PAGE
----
A hospital stay in 2007 was the unlikely catalyst for Eileen Conlisk to start her own card company. At the time, the graphic designer, who got her BFA at the Rhode Island School of Design, found inspiration for her own small business in the flower bouquets friends and family sent her.
“I just started drawing the flowers in my sketch book, and I just made these really intricate pen and ink drawings of all of the flowers people were giving me,” she says. “I turned them into cards, and approached a bunch of stores with them.”
People started placing orders, which Conlisk filled from her Greenpoint apartment, naming her new business Design Parlour. At a certain point, however, she started getting feedback from her buyers that her cards’ flower motifs and lack of messages might be limiting their appeal to specific customers–who were not exactly the hipsters who frequent North Brooklyn boutiques. “I realized a lot of parents and grandmas and old ladies were buying them,” Conlisk says, “but one store said to me, ‘Your cards don’t say anything on them.’ And for me it was like, ‘I’m an artist. I just want to draw and print my drawings and that’s it. But then I started thinking of the business aspect of it, and I said, ‘You know what, I’m only going to draw things that I believe and and sayings that are true to me.'”
Conlisk now has close to 100 different card designs that include everything from a card with a bright green head of broccoli that reads “Thanks a Bunch” to a quartet of troll dolls (those children’s toys with the heads of flaming hair that first popped up in the ’60s) with heads of alternating red or green hair above the words: “Merry Christmas.” Most of her messages play off puns like a vintage typewriter and the words: “You’re just my type,” but Conlisk says her biggest seller isn’t silly at all. Every year she gets request from all over the world for her Brooklyn Bridge cards–a series of prints created from photographs and drawings of the bridge she sometimes superimposes with everything from hearts to snowflakes, depending on the season.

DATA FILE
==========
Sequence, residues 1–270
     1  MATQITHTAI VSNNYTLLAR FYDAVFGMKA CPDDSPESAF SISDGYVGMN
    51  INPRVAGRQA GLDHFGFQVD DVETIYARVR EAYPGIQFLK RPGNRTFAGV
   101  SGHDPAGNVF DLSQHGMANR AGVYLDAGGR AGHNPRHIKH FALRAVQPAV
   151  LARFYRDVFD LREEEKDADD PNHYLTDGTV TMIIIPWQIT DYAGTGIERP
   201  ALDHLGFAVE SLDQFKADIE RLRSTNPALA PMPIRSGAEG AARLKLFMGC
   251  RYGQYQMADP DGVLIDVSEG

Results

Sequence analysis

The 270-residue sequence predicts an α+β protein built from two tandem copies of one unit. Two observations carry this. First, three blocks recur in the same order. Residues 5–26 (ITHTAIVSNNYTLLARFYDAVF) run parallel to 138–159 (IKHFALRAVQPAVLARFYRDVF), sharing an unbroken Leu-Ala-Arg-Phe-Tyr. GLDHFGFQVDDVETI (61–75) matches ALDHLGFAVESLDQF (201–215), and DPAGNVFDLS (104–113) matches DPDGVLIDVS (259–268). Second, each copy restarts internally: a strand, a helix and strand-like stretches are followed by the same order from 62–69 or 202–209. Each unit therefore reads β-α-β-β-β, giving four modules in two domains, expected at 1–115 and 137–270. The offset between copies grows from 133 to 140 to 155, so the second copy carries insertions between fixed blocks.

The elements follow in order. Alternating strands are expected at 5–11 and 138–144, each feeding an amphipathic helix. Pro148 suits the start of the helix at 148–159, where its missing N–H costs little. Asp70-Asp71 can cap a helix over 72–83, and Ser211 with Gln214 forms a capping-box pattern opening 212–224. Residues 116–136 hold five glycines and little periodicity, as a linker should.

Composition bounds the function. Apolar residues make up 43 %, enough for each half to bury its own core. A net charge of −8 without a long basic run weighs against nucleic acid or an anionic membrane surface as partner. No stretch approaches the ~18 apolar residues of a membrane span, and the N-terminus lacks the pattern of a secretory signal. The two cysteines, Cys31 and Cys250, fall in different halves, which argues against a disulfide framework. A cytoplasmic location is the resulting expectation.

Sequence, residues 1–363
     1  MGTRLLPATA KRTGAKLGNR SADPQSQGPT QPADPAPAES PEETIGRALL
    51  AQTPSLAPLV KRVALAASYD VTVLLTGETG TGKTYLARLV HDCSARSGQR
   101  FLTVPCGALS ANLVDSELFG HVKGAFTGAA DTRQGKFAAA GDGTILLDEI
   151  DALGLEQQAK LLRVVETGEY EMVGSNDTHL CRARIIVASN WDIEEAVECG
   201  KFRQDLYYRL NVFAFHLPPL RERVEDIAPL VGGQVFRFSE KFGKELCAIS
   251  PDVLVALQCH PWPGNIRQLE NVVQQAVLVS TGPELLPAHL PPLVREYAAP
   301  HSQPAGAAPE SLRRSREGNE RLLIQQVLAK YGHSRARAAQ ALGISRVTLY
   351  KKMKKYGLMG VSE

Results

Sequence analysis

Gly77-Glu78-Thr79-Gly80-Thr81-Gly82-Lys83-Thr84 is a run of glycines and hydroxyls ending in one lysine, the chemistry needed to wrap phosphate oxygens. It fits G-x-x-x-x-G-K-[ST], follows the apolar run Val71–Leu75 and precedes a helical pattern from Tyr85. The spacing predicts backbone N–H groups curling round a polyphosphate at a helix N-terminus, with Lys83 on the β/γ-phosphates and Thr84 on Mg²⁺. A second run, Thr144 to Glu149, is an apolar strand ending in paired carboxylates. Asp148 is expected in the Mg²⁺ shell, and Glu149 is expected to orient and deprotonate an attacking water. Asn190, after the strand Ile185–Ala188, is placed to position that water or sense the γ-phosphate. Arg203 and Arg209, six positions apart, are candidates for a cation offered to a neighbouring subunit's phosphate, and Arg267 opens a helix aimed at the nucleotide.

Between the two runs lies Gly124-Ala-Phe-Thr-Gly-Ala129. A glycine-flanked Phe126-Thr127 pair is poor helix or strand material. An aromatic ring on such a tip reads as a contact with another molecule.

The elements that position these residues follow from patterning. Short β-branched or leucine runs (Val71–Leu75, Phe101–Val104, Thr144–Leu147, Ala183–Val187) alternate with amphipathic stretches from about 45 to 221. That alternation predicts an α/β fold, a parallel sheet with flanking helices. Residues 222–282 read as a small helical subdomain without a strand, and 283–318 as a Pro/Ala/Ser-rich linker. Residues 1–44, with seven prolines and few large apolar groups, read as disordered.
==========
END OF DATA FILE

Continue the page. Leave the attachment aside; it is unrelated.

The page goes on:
“People love the Brooklyn Bridge, whether you’re from New York or you’re a tourist,” says Conlisk, who sells her stock on Etsy, as well as in local businesses. (She also designs wedding invitations and dinner menus as well.) “I’ll get orders from people in Europe who want that card–I don’t know where they’re going to–people might just be framing them as art. But people all over the country buy those Brooklyn Bridge cards, too. It’s really neat.”
No matter where in the world it’s going, all of Conlisk’s cards are handmade here in Brooklyn. She creates prints from the pen-and-ink drawings she puts down in sketch books by scanning them into her computer and slightly editing them digitally–like adding the snowflakes to the card above. Conlisk prints, cuts and assembles each card herself, preferring to use recycled paper and envelopes, which she picks up at a factory in downtown Brooklyn.
“Nothing I do is outsourced,” she says. “One thing that was important to me is that, when someone gives someone one of my cards, they don’t have to have any of the guilt of buying something factory or mass produced. There’s none of those connotations here. Most times when people buy a card from me, they’re buying it for someone else–a birthday card or a get-well card or a Christmas card–so I just liked the whole idea of hand making something that was going to make someone smile or make them feel better.”